Advances in physical preparation keep their bodies in the game, and so can the changing nature of sports business and celebrity.
Serena Williams, 40, lost at Wimbledon in the first round for the second consecutive year and will soon face having no ranking in the sport she dominated for decades.
Serena Williams, 40, lost at Wimbledon in the first round for the second consecutive year and will soon face having no ranking in the sport she dominated for decades.Credit…Alberto Pezzali/Associated Press
WIMBLEDON, England — Most tennis professionals are retired by their mid-30s. But last week, there was Serena Williams, at almost 41, grinding against a competitor a little more than half her age for more than three hours at Wimbledon.
Venus Williams, too, is here. She played mixed doubles, with tape on her right knee and not so much spring in her step at age 42. Roger Federer, who has not played since limping away from Wimbledon last year, is angling to return to the tennis tour in September, when he will be freshly 41. Rafael Nadal is threatening a deep Wimbledon run and eyeing the Grand Slam at 36 after a medical procedure that deadened the nerves in his troublesome left foot.
To varying degrees, the biggest names in tennis keep going. Why is it so hard, with their best years behind them, to leave the stage and kick back with their millions? And it’s not just tennis. Tiger Woods, with an estimated net worth of $1 billion, is struggling to come back from devastating leg injuries at 46. Tom Brady can’t stay away from football. Regular working people go through life believing that retirement is the endgame. Not so with professional athletes.
It is not just advances in physical preparation and nutrition keeping their bodies in the game. The changing nature of sports business and celebrity is conspiring to keep stars at it far longer than they have in the past. But there is also another element that has remained constant across the generations.
“I get it 100 percent why they want to keep going,” said Martina Navratilova, a longtime No. 1 and 18-time major singles champion who retired at 37 in 1994, came back to play doubles and did not retire for good until she was almost 50.
“You really appreciate it, and you realize how lucky you are to be out there doing what we do,” Navratilova said. “It’s a drug. It’s a very legal drug that many people would like to have but they can’t get.”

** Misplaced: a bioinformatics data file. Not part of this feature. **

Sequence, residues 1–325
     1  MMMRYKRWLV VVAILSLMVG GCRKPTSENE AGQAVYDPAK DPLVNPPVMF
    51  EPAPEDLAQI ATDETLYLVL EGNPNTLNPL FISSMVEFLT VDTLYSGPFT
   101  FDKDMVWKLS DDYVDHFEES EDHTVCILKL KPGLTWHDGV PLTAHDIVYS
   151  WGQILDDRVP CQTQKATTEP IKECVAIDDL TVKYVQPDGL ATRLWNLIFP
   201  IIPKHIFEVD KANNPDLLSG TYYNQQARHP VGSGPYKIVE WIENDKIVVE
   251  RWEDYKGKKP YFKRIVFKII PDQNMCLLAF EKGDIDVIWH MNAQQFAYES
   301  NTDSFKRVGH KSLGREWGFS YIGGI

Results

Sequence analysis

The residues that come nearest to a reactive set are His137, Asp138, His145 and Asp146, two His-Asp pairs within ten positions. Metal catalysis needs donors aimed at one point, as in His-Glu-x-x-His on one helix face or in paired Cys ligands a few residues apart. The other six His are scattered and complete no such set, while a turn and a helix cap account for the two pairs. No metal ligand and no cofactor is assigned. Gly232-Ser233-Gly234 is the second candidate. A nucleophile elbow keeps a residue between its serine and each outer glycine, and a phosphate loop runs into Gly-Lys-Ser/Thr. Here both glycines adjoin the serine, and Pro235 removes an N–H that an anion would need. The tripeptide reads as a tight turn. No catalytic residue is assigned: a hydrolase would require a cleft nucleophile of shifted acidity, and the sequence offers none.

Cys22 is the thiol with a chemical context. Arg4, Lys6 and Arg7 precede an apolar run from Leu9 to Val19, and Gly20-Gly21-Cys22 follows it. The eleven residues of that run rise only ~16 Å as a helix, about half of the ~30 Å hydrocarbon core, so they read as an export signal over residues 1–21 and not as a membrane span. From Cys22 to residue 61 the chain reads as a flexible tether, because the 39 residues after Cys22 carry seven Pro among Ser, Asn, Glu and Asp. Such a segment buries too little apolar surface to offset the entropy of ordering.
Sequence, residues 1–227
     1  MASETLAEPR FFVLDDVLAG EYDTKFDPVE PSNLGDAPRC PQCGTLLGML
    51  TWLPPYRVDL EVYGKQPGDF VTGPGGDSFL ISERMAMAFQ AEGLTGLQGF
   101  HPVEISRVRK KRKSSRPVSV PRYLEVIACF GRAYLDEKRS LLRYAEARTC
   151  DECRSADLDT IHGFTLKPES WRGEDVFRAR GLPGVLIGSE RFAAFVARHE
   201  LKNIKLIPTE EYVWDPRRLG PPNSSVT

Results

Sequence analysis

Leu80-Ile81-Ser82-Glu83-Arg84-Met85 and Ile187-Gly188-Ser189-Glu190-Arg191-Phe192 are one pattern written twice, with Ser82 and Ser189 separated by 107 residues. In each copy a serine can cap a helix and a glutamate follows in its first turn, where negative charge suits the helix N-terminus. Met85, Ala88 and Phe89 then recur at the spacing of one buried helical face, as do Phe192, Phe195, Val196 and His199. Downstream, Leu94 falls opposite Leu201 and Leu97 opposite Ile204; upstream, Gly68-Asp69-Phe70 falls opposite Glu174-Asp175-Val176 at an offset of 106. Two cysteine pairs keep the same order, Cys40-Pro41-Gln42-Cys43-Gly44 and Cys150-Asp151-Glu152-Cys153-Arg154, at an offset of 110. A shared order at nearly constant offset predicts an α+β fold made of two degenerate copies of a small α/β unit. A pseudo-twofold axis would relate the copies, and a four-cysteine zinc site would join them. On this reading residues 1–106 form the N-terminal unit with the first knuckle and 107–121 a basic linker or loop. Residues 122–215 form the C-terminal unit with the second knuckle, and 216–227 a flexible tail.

Serena Williams exited Wimbledon in the first round for the second consecutive year, far from her fittest and gasping for air down the stretch. She and Federer soon face having no ranking in the sport they dominated for decades. Venus Williams decided at the last minute to play in mixed doubles at Wimbledon. But there have been no announcements on exit strategies; no target dates on end dates.
“You never know where I’ll pop up,” Venus Williams said Friday, before she and Jamie Murray lost on Sunday to Alicia Barnett and Jonny O’Mara in a third-set tiebreaker in the round of 16.
Earlier Sunday, at a ceremony at Centre Court, Federer, who has a men’s record eight Wimbledon titles but has not played a match in a year, said he hoped to play Wimbledon “one more time” before he retired.
It is a new sort of limbo: great champions well past their primes but not yet ready to call it a career while outsiders occupy themselves with speculation on when the call will come. Nadal, who has generated plenty of retirement chatter himself and said he was close to retiring only a couple of weeks ago because of chronic foot pain, understands the public’s quest for clarity. Famous athletes “become part of the life of so many people,” he said after advancing to the third round of Wimbledon.
Even Nadal said he felt unsettled after seeing his friend Woods become only a part-time golfer. “That’s a change in my life, too.”
But Woods, and the Williams sisters, like other aging and often-absent sports stars, remain active, not retired. There can be commercial incentives to keep it that way. Official retirement not only terminates a playing career. It can terminate an endorsement contract or a sponsorship deal and reduce a star’s visibility.